Cultural Safety Module 1: Peoples Experiences of Colonization




Content
page 2

« previous page  |  table of contents  |  next page »


Pre-colonial History (Pre-contact)

Prior to Europeans coming to what is now known as North America, Indigenous populations were strong and healthy, with diverse and complex societies. Women were valued and held leadership roles,1 children were raised according to the values of the sacred circle,2 and resource-rich environments, particularly in British Columbia, provided abundant, healthy food.3 About one third of Canada's pre-contact Indigenous peoples lived in what we now call British Columbia with 24 languages and 7 language families represented.4

Very little has been written about pre-colonial history, but there are a number of articles on the early-contact period, in particular on women's roles. Read the articles by Van Kirk and Brodribb for more information.

back to Table of Contents  


Colonial History (Post-contact)

To understand cultural safety it is important to understand history, particularly the colonial history of former British colonies such as Canada and New Zealand. (See Colonialism Timeline for B.C. and Canada.) Colonialism continues to influence Indigenous communities to the present day.5 Colonialism — the policies, laws, and systems associated with controlling people or geographic areas — has been characterized by both cultural and population loss.

Smallpox had the most profound post-contact negative effect on Indigenous peoples. Loss of knowledge, particularly of Indigenous plants, and animals and of healing practices also occurred,6 and was reinforced by the establishment of reserves and residential schools.7

Values consistent with patriarchy, or male-dominated power structures, influenced Indigenous communities, interrupting existing family and social relations.8 Many of these values influence our health and education systems to the present day9 and are explored further in Modules 2 and 3. Specifically, Modules 2 and 3 focus on how colonialism and oppression have contributed to the current health challenges of Aboriginal people, particularly those related to mental health, parenting skills, substance use, and family violence.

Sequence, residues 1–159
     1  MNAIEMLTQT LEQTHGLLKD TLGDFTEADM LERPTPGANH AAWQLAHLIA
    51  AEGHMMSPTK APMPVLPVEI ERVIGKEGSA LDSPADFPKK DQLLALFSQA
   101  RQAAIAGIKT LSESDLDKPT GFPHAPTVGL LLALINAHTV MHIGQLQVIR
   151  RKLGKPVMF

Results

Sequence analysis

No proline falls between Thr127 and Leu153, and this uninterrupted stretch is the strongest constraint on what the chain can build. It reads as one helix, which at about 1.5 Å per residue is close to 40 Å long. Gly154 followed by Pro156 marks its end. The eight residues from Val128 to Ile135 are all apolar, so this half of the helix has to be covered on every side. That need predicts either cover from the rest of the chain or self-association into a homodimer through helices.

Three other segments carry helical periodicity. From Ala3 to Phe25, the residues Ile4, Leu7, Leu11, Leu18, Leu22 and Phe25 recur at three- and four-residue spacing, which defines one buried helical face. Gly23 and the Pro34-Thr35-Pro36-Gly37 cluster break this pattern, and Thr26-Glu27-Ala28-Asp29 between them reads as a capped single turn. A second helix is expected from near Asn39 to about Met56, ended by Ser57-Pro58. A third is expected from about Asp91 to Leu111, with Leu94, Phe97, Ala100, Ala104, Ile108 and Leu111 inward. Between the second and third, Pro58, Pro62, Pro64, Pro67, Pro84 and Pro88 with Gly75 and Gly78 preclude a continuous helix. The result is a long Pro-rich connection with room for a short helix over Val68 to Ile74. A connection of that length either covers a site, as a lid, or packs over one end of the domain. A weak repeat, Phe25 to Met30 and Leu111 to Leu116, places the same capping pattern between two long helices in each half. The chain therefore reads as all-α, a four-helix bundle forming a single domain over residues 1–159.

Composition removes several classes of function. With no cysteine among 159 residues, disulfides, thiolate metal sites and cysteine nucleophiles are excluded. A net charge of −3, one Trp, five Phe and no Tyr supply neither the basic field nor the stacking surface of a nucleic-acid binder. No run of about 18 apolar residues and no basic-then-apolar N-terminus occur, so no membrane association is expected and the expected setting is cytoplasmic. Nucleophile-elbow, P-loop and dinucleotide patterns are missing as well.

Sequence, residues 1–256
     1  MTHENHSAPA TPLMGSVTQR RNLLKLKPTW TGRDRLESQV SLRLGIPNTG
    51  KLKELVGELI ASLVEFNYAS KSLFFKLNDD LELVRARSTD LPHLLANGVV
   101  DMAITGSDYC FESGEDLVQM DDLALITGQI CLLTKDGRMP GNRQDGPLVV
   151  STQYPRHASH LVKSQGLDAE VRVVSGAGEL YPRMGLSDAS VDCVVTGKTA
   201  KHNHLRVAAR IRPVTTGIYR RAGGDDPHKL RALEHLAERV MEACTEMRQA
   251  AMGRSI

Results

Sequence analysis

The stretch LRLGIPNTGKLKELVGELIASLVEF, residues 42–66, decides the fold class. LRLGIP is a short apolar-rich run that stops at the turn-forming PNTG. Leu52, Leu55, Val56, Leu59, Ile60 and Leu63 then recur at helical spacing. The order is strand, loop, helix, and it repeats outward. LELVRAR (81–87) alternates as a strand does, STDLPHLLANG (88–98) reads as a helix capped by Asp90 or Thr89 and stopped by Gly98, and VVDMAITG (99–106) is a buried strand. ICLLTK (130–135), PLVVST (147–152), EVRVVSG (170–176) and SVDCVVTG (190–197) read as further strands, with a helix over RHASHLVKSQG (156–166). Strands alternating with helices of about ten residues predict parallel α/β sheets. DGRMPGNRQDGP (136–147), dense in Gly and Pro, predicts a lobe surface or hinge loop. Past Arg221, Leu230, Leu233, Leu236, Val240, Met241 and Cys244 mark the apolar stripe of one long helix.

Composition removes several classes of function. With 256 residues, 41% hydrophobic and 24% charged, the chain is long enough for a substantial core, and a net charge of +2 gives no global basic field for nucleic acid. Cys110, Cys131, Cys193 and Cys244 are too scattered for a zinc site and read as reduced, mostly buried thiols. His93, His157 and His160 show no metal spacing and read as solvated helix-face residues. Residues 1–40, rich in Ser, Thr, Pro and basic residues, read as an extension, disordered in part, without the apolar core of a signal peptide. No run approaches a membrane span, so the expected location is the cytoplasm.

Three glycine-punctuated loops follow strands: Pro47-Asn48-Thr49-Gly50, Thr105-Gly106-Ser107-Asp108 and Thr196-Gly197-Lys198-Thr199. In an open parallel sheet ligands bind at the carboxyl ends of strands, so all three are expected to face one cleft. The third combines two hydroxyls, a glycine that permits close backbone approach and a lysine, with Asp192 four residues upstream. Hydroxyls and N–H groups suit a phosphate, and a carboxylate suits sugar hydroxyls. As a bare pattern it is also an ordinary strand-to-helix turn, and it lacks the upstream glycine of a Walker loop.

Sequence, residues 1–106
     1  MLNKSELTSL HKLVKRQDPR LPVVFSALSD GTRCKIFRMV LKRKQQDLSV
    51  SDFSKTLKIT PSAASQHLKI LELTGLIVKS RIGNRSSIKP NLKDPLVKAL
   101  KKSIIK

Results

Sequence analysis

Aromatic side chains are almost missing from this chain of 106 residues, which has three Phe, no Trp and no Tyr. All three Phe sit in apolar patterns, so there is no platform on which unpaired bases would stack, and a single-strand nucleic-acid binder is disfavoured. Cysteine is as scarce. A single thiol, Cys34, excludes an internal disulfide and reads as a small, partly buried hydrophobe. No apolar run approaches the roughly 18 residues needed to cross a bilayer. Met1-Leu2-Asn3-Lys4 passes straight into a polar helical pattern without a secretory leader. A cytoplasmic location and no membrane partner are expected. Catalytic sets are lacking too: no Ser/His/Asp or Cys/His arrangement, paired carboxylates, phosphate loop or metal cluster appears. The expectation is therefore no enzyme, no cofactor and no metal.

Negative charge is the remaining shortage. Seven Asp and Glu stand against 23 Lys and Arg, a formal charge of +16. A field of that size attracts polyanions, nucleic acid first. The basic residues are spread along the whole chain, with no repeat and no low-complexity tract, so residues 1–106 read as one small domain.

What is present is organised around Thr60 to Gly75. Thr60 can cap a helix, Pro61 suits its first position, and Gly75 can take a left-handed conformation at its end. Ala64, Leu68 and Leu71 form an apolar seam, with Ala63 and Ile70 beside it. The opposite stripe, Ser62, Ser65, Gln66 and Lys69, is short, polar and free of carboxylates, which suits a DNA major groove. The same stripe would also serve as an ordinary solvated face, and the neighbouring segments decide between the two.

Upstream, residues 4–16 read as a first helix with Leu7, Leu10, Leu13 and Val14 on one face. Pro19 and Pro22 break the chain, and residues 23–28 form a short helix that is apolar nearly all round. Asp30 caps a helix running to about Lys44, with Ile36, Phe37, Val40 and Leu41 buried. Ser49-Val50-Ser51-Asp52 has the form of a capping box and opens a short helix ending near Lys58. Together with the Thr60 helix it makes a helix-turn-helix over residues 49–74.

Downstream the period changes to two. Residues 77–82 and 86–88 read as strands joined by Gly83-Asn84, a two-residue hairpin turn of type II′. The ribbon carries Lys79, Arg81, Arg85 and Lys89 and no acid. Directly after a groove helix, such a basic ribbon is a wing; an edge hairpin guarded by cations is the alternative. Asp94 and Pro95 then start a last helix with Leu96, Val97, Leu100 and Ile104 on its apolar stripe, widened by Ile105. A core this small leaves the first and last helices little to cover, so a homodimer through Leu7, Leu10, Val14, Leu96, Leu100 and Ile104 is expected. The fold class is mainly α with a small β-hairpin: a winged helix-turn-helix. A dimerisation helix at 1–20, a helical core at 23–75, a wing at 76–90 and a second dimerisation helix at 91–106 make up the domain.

Post-colonial history is referred to throughout these modules. The term "post-colonial," however, does not mean that the colonial period is over. Colonial practices, often referred to as "neo-colonialist," exist today and continue to contribute to inequities in our society. An important example of neo-colonialist policy is the Indian Act.

Originally drafted in 1876, the Indian Act continues to determine the rights, choices, and opportunities for status Indians in Canada. According to Smye (2004):

European worldviews, including their medical systems, have achieved social, economic and political dominance over Aboriginal people through enactment of its policies. This piece of legislation, passed in 1876, delved into every facet of Native life: education; health services; welfare; taxes; livelihood, including hunting and fishing rights; the consumption of alcohol; citizenship, including the right to vote; "Indian" identity, status or non-status, treaty or non-treaty; organizational/ruling structures; spiritual practices; "even the right to loiter in a poolroom."10

In addition, there is debate about how Aboriginal peoples refer to themselves. The term "Aboriginal" is a word used by the Canadian government to describe people and does not reflect how all First Peoples across Canada identify themselves. Aboriginal includes status and non-status natives, Metis, and Inuit persons. Some people still refer to themselves as Indian or Native. Some prefer to call themselves First Nations or Indigenous. Still others identify themselves according to their community or nation, for example, Haisla or Nuu'chahnulth.